To improve support for young children and their families, we need to broaden our viewpoints. We need to move from focusing on one area such as pediatrics or early childhood educator preparation to providing more intersectional support. Sheetal Singh, executive director of The Early Learning Lab, highlighted this need when sharing her first impressions of KnowledgeWorks and Capita’s forecast, Foundations for Flourishing Futures: A Look Ahead for Young Children and Families, during a recent webinar.
When we talk about the future, we talk about children. Too often, we do not recognize how the profound social, economic and technological changes underway will reshape their lives and our very understanding of what it means to be a child. Foundations for Flourishing Futures: A Look Ahead for Children and Families will help leaders across sectors navigate that gap, understand their own work in new ways and do their part to ensure that every child and family can flourish in the future.
We also need to lengthen our view to consider impacts across generations, said pediatrician, educator, and public health advocate Dipesh Navsaria, another panelist on the webinar. In turn, Vinny Badolato of Voqal spoke of renewing our focus on supports and relationships across the many domains affecting young children’s and families’ ability to flourish.
Looking to the future can help us broaden, lengthen and refocus our perspectives so that we identify new opportunities and challenges even as we remind ourselves of timeless needs. The future possibilities explored in the flourishing futures forecast range from a child-centered communities scorecard to a family-organized care co-op to a set of sensors that make it safe for young children to roam “freely” within designated boundaries.
Among the opportunities that such possibilities raised for the webinar panelists, the changing nature of work is opening new avenues for caregiving. As parents’ work schedules become more flexible with the spread of project-, task- and gig-based work, we can find new ways of accommodating variable schedules. With many jobs expected to be impacted by automation, we can also emphasize social-emotional skill development in early learning programs.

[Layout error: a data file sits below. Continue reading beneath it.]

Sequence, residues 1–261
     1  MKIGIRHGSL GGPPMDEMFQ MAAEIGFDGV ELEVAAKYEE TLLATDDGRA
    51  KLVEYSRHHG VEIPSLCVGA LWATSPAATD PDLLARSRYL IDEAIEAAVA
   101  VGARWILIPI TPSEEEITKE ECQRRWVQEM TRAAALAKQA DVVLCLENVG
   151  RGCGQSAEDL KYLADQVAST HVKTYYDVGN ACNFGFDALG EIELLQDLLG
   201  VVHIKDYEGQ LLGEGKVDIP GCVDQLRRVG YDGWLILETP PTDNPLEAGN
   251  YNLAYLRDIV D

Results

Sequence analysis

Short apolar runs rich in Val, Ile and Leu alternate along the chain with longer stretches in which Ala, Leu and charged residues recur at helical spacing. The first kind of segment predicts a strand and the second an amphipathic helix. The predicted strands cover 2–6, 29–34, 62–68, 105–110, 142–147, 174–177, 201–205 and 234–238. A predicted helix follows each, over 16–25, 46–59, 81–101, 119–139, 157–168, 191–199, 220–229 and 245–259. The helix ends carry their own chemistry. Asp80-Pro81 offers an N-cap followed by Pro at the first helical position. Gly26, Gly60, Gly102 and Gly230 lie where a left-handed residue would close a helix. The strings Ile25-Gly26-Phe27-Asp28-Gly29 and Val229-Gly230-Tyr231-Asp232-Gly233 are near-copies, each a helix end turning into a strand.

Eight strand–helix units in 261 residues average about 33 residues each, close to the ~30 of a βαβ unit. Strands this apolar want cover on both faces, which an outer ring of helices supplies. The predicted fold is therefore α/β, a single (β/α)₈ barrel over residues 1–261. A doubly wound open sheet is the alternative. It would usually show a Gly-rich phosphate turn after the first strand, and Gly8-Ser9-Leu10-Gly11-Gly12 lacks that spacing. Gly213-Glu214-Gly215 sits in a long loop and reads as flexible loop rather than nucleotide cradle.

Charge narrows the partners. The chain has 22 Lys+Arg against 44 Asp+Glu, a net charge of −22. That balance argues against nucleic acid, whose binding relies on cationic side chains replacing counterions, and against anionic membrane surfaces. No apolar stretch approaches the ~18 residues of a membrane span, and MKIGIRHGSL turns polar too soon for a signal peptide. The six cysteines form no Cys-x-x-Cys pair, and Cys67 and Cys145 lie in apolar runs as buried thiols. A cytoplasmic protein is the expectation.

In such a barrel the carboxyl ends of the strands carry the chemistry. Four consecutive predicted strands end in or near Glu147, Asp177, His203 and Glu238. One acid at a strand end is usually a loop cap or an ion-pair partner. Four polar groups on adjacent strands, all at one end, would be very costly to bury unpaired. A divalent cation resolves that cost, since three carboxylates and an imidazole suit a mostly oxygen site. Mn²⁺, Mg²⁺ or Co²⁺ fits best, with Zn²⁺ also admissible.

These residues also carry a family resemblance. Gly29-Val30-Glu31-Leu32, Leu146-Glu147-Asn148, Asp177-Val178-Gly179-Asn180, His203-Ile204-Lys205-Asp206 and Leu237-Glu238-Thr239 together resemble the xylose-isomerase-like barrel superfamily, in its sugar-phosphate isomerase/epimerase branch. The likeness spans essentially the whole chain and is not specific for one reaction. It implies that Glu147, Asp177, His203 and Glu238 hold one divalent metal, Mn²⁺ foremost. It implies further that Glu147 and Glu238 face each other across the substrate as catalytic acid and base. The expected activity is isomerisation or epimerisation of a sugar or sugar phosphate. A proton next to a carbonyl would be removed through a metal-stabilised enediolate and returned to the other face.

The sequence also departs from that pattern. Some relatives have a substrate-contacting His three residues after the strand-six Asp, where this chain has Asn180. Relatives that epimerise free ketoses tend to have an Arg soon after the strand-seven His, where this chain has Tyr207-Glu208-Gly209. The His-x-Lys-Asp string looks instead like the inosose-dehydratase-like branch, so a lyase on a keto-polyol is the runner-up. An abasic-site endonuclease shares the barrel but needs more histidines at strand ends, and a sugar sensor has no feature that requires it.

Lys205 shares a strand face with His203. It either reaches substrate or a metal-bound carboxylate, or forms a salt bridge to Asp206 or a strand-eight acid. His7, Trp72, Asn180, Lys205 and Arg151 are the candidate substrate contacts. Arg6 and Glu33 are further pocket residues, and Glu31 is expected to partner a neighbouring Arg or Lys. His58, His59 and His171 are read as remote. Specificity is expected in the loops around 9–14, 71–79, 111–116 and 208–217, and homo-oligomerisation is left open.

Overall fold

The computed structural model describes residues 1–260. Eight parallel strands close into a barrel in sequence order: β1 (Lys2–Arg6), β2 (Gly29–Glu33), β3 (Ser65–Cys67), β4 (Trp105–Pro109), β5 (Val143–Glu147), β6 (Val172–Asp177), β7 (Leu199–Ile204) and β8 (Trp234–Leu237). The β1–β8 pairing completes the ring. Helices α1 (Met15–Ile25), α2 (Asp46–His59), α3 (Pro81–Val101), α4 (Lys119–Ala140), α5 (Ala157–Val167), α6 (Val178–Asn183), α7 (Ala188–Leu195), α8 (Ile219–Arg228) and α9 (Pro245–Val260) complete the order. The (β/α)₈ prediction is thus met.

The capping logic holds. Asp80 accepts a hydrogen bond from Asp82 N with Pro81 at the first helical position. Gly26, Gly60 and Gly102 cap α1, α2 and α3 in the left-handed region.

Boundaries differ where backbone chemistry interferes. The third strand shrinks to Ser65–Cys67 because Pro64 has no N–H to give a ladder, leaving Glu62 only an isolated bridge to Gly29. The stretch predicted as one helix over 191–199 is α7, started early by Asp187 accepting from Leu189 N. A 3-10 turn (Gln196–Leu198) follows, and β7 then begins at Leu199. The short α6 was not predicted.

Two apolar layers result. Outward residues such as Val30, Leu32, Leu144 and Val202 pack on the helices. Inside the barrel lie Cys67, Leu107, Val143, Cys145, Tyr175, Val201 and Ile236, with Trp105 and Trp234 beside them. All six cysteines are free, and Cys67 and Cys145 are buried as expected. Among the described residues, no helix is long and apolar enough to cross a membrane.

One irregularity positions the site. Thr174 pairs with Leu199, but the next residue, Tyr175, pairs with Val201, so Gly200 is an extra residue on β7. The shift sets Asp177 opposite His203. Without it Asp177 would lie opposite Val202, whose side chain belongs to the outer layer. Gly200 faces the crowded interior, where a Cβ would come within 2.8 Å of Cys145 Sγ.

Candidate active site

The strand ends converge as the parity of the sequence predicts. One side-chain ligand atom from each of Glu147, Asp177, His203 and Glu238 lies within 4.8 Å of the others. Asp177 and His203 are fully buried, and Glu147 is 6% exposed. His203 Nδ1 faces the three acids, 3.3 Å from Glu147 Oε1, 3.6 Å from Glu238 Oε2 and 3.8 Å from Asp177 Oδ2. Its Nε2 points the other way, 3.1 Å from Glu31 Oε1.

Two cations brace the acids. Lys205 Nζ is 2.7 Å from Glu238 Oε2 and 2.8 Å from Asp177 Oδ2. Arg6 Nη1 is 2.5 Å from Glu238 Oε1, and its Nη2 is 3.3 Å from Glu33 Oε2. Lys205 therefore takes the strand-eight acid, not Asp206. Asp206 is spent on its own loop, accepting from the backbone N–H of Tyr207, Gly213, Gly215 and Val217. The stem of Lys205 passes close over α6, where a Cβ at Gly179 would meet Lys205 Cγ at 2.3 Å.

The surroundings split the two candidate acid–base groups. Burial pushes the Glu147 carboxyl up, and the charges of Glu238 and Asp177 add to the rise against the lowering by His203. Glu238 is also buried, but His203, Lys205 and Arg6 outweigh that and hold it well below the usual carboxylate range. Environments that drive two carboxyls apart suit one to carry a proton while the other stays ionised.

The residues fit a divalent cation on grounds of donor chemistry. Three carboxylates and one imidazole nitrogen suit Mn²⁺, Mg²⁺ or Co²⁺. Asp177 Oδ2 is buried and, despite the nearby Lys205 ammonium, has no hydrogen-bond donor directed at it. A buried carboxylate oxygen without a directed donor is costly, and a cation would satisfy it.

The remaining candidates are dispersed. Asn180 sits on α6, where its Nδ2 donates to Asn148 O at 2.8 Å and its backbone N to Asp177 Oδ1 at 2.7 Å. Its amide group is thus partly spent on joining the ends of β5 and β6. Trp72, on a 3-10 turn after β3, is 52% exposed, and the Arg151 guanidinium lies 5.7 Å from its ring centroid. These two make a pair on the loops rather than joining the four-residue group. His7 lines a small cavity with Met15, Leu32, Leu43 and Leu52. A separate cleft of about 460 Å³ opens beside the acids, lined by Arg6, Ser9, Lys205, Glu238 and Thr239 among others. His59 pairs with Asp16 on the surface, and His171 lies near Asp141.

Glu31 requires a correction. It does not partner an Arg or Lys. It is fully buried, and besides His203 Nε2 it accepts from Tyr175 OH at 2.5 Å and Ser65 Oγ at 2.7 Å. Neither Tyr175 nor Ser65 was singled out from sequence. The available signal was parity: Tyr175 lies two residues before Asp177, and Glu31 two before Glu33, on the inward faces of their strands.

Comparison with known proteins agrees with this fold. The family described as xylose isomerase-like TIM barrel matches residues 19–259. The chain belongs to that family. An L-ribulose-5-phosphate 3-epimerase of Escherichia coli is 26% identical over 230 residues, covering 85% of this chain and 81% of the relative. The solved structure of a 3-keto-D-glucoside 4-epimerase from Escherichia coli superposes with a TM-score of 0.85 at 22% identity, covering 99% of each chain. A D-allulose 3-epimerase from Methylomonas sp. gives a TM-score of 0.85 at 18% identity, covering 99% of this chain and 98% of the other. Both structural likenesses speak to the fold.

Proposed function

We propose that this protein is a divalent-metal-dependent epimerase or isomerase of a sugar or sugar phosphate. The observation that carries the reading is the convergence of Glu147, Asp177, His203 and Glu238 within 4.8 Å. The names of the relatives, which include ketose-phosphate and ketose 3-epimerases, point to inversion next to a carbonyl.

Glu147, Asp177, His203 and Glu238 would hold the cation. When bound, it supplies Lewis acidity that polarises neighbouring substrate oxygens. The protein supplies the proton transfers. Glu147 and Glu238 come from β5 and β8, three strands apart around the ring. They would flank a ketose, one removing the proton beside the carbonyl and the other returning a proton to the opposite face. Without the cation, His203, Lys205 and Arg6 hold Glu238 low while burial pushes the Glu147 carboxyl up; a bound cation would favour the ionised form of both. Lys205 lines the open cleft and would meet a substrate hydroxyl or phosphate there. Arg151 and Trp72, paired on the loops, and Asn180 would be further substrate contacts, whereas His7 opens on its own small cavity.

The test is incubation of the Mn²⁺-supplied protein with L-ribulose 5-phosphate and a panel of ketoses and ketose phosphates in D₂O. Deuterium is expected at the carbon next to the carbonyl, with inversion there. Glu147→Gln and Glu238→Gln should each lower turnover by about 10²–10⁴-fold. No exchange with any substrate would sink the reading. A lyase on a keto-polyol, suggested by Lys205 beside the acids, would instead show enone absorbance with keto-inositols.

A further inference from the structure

In addition, the increasing prevalence and power of data present new opportunities to discern insights into effective ways of supporting young children and families. To avail ourselves of that potential, we need to get past fears about who gets to see personal data and what happens to it. We also need to improve the quality of data, which are often hard to obtain or biased.
We also face opportunities and challenges related to technology and innovation. Despite good intentions, new approaches can miss the mark on what lies at the heart of early childhood development: stable relationships with caring adults. They also risk creating more inequities in our systems, especially if only certain groups do the innovating. Yet there can be a place for technologies to support people; for example, by fostering connections and communication among networks of parents who might not otherwise be able to share their experiences and perspectives.
As we work to break out of siloes and to broaden our perspectives on the many issues affecting young children’s and families’ ability to flourish, responsive caregiving could be a guiding force that would rally broad groups of stakeholders to improve outcomes for young children and families. The flourishing futures forecast emphasizes the enduring value of caring adults and recommends placing stability at the center of efforts to improve family life. Efforts to support young children and families need to tread thoughtfully in acknowledging different cultural perspectives on, and experiences of, parenting and child development. Yet we can work together to find fresh perspectives on helping children and families flourish.